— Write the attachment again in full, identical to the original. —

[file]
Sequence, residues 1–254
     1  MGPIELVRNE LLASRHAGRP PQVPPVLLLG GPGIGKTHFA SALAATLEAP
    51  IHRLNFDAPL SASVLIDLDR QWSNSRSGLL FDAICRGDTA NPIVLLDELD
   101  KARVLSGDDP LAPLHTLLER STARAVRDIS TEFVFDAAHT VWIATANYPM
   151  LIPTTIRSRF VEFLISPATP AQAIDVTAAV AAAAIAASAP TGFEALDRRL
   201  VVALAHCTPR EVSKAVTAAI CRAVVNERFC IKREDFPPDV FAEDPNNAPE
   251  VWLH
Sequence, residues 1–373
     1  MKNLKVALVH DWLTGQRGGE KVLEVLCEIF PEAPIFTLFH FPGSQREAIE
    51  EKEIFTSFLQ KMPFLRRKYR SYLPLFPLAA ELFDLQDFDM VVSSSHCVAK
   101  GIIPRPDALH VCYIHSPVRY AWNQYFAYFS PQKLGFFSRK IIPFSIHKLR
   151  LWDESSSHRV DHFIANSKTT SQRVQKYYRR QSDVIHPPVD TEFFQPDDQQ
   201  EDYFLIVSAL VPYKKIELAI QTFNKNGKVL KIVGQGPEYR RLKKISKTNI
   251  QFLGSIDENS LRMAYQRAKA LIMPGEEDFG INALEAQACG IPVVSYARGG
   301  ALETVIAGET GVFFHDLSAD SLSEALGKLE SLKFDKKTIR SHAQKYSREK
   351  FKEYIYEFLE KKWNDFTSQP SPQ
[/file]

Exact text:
Sequence, residues 1–254
     1  MGPIELVRNE LLASRHAGRP PQVPPVLLLG GPGIGKTHFA SALAATLEAP
    51  IHRLNFDAPL SASVLIDLDR QWSNSRSGLL FDAICRGDTA NPIVLLDELD
   101  KARVLSGDDP LAPLHTLLER STARAVRDIS TEFVFDAAHT VWIATANYPM
   151  LIPTTIRSRF VEFLISPATP AQAIDVTAAV AAAAIAASAP TGFEALDRRL
   201  VVALAHCTPR EVSKAVTAAI CRAVVNERFC IKREDFPPDV FAEDPNNAPE
   251  VWLH
Sequence, residues 1–373
     1  MKNLKVALVH DWLTGQRGGE KVLEVLCEIF PEAPIFTLFH FPGSQREAIE
    51  EKEIFTSFLQ KMPFLRRKYR SYLPLFPLAA ELFDLQDFDM VVSSSHCVAK
   101  GIIPRPDALH VCYIHSPVRY AWNQYFAYFS PQKLGFFSRK IIPFSIHKLR
   151  LWDESSSHRV DHFIANSKTT SQRVQKYYRR QSDVIHPPVD TEFFQPDDQQ
   201  EDYFLIVSAL VPYKKIELAI QTFNKNGKVL KIVGQGPEYR RLKKISKTNI
   251  QFLGSIDENS LRMAYQRAKA LIMPGEEDFG INALEAQACG IPVVSYARGG
   301  ALETVIAGET GVFFHDLSAD SLSEALGKLE SLKFDKKTIR SHAQKYSREK
   351  FKEYIYEFLE KKWNDFTSQP SPQ